Pdficon small.gifCollection Check #1
Pdficon small.gifOdonate Label Template


Lab Facebook page: Lab Facebook page

Other Assignments

Pdficon small.gifLive Insect Project


Date Lecture Quiz Lab Readings
August 26 Course overview Wagner Lab visit
Collections Facility
Intro to collections
Pdficon small.gifG+C Chapter 1
Pdficon small.gifB+W pgs 4-29
August 28 Importance of insects
Introduction to insect diversity
Pdficon small.gif Importance of insects
Insect walk
Collecting methods
Pinning
Pdficon small.gifCollecting and pinning
How to pin and spread a moth
Pdficon small.gifG+C Chapter 2
Pdficon small.gifThe Joy of Formication
Pdficon small.gifEconomic Value of Insects
Sept 2 Insect adaptations
Pdficon small.gifInsect adaptations
Quiz 1: Insect Collecting Overview of Insect Orders
Pinning demonstration
Pdficon small.gifInsect Orders
Pdficon small.gifInsect Orders handout
Finish reading G+C chapter 2
Pdficon small.gifSo Great the Excitement Alfred Russel Wallace
Sept 4 External Anatomy I
Pdficon small.gifExternal Anatomy I
External Grasshopper Anatomy
Pdficon small.gifMorphology and Illustration
Pdficon small.gifExternal Anatomy handout
Pdficon small.gifFor Love of Insects
Sept 5-7 Great Mountain Forest Trip
Sept 9 External Anatomy II
Pdficon small.gifExternal Anatomy II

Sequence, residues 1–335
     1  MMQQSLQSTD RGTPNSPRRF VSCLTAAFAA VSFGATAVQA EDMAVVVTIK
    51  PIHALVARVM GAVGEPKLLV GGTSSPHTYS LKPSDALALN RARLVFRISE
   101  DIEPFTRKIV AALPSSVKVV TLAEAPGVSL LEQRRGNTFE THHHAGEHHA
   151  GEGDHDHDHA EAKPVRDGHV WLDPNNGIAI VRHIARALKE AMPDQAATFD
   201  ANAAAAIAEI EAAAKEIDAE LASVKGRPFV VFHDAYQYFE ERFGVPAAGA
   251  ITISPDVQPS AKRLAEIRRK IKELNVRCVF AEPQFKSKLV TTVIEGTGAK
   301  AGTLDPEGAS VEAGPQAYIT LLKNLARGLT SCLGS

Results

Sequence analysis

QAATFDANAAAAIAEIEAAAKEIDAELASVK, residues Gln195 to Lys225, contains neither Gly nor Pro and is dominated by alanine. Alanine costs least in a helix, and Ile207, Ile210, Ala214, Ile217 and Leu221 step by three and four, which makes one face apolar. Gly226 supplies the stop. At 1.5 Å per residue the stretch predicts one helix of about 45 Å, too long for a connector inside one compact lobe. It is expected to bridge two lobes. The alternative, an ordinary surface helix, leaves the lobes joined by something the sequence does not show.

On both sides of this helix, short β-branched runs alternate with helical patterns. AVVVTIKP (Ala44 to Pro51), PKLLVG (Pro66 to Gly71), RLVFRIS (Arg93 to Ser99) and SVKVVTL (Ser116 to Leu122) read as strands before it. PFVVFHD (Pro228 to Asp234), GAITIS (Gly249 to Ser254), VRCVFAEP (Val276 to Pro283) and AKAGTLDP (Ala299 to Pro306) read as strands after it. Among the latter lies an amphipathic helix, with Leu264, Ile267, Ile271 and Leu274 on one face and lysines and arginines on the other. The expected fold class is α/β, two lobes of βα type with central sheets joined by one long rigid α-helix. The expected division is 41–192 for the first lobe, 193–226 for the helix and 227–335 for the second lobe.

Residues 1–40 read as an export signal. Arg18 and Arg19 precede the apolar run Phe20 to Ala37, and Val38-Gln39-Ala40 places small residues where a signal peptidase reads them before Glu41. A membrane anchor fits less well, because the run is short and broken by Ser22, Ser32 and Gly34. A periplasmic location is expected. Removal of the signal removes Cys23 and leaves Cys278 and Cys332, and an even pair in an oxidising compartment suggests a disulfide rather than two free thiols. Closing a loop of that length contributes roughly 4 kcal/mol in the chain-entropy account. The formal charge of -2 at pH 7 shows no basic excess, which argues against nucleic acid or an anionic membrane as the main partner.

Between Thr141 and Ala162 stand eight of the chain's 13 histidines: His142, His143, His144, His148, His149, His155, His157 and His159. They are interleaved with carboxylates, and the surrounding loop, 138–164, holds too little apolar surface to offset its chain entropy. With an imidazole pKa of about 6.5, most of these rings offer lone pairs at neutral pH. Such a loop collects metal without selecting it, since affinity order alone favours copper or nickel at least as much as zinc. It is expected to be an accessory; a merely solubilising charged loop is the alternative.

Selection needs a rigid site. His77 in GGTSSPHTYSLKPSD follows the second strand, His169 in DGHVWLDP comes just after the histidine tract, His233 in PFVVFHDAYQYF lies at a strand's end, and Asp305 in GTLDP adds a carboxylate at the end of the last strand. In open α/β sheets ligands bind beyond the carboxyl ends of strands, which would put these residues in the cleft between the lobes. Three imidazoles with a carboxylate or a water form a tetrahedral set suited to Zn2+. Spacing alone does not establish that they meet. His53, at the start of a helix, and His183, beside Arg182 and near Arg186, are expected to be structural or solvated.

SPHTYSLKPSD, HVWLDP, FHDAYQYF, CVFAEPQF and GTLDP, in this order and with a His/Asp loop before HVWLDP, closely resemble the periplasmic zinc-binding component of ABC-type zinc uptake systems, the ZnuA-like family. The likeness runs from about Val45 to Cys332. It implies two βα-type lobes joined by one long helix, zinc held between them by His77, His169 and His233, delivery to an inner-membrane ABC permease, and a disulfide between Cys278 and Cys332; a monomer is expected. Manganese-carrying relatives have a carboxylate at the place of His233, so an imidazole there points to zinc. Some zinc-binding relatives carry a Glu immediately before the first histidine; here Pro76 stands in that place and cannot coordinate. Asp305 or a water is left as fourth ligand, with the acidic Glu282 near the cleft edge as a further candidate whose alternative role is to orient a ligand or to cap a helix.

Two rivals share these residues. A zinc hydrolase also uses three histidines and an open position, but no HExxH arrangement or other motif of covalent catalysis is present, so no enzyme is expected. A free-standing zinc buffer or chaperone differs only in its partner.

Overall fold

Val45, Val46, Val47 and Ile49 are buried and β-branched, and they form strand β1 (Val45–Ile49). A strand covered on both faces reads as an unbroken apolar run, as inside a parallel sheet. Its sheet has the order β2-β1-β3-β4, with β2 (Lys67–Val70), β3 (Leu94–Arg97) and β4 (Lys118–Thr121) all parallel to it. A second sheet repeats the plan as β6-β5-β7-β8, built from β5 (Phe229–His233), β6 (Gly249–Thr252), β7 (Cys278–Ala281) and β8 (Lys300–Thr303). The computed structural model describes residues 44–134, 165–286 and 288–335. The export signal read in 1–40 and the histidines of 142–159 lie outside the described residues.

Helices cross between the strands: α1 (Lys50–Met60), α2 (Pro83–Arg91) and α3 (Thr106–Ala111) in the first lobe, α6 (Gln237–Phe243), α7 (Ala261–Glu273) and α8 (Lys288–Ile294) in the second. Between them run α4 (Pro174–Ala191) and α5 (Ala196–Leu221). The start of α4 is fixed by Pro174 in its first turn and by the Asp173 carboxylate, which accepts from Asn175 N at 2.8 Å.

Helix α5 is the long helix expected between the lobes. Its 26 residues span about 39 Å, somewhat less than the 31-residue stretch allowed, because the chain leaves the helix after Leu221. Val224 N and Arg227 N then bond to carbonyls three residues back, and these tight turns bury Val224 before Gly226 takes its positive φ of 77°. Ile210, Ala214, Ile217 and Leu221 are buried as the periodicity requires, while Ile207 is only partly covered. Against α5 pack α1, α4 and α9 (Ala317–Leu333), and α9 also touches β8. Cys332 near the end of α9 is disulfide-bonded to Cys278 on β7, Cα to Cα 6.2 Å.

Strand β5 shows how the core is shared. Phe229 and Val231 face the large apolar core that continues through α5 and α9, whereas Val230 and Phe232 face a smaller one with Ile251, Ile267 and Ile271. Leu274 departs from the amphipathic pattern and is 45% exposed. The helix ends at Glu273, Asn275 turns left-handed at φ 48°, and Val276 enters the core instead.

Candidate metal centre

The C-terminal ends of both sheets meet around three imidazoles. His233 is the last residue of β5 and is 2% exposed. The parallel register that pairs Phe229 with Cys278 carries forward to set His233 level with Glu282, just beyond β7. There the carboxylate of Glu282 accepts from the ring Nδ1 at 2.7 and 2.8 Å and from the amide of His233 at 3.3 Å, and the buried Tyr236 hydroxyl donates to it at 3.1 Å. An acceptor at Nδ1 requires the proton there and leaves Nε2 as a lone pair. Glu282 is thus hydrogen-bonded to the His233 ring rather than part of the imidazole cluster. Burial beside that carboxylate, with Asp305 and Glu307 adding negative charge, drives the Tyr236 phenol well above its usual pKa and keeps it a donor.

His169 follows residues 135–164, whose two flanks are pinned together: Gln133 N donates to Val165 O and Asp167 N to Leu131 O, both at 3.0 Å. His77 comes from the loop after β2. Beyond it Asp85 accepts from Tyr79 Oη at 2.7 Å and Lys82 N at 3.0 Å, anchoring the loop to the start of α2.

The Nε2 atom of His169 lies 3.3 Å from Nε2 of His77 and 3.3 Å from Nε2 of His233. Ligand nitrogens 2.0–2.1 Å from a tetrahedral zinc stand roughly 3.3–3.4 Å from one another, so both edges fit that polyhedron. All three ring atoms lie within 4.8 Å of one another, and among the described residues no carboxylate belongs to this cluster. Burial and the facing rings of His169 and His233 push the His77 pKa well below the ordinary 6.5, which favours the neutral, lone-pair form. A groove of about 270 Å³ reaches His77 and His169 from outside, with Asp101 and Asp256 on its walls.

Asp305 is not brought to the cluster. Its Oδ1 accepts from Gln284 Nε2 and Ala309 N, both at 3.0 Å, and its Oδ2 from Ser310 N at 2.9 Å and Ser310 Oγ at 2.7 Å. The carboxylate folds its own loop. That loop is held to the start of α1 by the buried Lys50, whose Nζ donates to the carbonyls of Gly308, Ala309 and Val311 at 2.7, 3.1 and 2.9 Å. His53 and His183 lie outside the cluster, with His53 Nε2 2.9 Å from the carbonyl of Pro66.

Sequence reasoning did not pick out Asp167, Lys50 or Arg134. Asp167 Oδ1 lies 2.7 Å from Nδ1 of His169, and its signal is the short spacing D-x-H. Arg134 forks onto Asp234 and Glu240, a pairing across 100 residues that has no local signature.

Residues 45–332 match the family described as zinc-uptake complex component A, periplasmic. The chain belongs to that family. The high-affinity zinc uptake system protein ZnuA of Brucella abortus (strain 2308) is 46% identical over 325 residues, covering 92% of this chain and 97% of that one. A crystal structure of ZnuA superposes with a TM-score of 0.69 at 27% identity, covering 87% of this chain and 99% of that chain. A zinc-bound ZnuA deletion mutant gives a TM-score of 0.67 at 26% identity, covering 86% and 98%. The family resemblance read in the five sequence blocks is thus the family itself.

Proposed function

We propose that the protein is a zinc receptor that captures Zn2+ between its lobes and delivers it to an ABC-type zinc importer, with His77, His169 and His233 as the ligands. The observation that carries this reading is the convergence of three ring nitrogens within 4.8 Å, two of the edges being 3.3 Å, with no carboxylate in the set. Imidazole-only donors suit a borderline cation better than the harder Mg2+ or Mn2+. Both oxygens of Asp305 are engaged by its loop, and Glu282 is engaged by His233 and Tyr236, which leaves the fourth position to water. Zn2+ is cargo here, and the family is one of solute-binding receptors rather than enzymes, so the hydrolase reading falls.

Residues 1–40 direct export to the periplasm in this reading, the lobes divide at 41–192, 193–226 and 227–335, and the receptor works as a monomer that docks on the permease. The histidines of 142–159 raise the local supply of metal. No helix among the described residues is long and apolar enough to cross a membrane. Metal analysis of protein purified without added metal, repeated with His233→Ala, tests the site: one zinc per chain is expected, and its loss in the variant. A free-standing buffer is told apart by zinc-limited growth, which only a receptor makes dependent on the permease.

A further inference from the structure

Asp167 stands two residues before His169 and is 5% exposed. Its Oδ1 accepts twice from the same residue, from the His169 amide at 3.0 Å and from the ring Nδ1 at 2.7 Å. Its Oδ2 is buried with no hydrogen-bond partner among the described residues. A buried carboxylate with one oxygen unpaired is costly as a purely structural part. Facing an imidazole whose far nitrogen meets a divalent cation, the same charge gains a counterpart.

Quiz 2: Insect Orders Internal anatomy dissection
Pdficon small.gifInternal anatomy
Pdficon small.gifInternal anatomy handout
G+C Chapter 3
Virtual Cockroach
Ant losing wings
Sept 11 External Anatomy III
Pdficon small.gifExternal Anatomy III
Aquatic insects
Aquatic field trip
Pdficon small.gifAquatic insects
Review chapters 2 and 3
Pdficon small.gifSpider Love
Sept 16 Internal Anatomy I
Pdficon small.gifInternal Anatomy I
Quiz 3: Insect Anatomy Non-insect arthropods
Early hexapods: Entognatha, Apterygota, Ephemeroptera, Odonata
Pdficon small.gifNon hexapods and early hexapods
Parasitoid emerges from caterpillar
Odonata of CT
Sept 18 Internal Anatomy II and Fossil History I
Pdficon small.gifInternal Anatomy II and Fossil History I
Blattodea, Mantodea, Phasmatodea, Orthoptera
Collecting around TLS
Pdficon small.gifOrthoptera, Phasmatodea, Dictyoptera